According to the Los Angeles Times, the office's staff were informed — without warning — that their jobs would be shifted to Manila in the Philippines.
The newspaper obtained a recording of the meeting in which the bad news was delivered. Ruffin Chevaleau, the head of Uber's Phoenix center of excellence (Uber's term for a customer-support office), was the person tasked with delivering it. "We have decided to close the downtown LA office and we will be moving the outreach and innovation work to our Manila COE" — center of excellence — "where we can continue to support the business as it grows," she reportedly said. "I know that this is a shock. This meeting is to inform you all that today is the last day in this office," she added.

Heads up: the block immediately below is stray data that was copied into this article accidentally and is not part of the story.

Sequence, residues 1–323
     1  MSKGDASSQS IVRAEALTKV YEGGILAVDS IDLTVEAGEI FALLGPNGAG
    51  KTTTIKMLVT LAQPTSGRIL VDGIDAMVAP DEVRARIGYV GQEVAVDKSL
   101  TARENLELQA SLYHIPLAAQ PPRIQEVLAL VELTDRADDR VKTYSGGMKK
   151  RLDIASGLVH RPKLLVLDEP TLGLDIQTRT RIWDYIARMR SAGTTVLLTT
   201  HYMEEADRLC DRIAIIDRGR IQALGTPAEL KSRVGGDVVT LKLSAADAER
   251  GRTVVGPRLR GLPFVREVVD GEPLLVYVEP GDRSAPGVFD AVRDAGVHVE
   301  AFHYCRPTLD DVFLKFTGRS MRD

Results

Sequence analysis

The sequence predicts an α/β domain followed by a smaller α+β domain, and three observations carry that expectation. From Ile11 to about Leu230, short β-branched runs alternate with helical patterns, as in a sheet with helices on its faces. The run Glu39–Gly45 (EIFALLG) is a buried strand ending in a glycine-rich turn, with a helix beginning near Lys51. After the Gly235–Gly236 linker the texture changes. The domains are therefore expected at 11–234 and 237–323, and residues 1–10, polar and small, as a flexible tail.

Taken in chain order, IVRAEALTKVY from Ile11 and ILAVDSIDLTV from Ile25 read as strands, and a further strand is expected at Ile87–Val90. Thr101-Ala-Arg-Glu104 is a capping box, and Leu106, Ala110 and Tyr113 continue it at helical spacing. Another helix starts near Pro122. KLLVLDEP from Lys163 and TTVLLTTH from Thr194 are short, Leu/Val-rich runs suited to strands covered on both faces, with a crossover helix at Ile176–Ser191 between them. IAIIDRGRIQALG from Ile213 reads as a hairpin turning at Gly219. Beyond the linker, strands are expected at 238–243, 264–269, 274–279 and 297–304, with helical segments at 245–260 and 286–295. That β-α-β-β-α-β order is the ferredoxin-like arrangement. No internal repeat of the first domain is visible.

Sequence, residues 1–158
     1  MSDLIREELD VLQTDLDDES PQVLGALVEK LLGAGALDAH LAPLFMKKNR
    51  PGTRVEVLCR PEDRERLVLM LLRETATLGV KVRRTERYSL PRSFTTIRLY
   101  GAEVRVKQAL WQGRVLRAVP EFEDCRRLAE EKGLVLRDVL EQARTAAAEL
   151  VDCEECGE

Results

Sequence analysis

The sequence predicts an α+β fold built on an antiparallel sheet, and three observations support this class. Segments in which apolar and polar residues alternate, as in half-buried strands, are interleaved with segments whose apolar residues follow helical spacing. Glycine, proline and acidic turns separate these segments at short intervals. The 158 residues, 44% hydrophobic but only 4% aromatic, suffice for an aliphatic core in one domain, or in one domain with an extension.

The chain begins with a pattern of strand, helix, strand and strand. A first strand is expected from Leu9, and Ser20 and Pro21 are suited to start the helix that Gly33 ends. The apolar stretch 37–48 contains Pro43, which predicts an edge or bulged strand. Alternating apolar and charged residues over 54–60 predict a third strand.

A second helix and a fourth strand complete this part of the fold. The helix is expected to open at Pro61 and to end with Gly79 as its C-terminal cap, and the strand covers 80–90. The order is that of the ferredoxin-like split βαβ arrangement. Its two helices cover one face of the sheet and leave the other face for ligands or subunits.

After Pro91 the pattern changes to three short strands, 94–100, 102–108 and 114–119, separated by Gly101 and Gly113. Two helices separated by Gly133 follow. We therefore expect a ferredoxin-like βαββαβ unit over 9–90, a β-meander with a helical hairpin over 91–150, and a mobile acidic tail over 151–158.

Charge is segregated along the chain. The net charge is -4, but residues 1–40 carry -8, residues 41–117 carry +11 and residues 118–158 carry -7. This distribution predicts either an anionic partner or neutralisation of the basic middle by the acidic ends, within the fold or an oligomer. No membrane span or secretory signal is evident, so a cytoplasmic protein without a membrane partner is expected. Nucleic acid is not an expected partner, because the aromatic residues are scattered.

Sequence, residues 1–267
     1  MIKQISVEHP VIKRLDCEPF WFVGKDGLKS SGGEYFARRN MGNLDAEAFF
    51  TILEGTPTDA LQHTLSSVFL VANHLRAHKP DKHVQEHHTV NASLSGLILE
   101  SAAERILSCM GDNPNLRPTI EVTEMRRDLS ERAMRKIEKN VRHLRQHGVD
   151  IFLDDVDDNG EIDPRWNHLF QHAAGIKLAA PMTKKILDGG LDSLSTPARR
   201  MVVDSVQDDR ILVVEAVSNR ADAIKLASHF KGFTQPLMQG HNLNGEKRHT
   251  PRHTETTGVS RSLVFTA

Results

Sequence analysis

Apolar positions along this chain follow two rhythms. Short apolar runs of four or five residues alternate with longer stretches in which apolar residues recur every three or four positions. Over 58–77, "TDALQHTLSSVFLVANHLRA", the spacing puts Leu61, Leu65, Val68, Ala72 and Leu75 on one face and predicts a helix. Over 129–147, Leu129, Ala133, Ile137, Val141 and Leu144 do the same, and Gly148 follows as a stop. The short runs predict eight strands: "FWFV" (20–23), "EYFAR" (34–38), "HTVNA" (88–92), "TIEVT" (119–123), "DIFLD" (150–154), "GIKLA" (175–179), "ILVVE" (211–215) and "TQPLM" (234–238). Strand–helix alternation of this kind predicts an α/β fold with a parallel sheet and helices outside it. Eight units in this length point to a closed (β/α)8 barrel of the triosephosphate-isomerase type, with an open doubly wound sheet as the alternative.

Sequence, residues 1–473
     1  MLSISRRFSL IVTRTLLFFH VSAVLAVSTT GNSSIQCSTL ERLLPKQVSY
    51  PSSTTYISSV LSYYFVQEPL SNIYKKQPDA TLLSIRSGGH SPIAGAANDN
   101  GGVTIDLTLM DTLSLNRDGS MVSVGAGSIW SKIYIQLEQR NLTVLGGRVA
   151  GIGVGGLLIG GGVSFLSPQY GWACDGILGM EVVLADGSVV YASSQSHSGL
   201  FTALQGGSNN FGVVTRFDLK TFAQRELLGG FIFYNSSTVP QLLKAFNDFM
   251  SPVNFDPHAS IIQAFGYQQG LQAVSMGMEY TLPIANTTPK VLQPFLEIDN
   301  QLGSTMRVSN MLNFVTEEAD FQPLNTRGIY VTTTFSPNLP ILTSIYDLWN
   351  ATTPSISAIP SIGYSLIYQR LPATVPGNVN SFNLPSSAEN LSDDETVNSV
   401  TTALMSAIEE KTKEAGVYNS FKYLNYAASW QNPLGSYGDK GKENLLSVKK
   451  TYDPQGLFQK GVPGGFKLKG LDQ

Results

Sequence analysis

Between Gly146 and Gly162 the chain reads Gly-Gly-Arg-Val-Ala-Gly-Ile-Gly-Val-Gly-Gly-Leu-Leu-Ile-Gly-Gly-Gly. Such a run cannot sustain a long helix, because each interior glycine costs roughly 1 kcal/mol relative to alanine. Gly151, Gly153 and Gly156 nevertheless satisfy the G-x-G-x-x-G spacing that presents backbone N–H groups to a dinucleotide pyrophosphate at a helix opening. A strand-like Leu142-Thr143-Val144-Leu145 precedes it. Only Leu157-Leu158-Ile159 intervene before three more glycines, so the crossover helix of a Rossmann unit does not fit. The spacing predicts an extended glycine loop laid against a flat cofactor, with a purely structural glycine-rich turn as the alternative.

Chevaleau also reportedly told the staff they would receive severance packages, could apply for other roles at Uber, and would have their relocation covered if they found jobs in other Uber offices.
Uber has reportedly culled more than 1,000 workers since going public last May as CEO Dara Khosrowshahi looks to prevent what he's referred to as "duplicate work." Khosrowshahi also revised Uber's profitability forecast earlier this month, saying the company expected to become profitable in the fourth quarter of 2020 rather than in 2021.
Although Uber made 997 million dollars in 2018 thanks to a one time impact of selling its international businesses, the firm has been consistently unprofitable despite being the worlds biggest ride-hailing app. #Uber #SavvyMediaAfrica - 6 minutes ago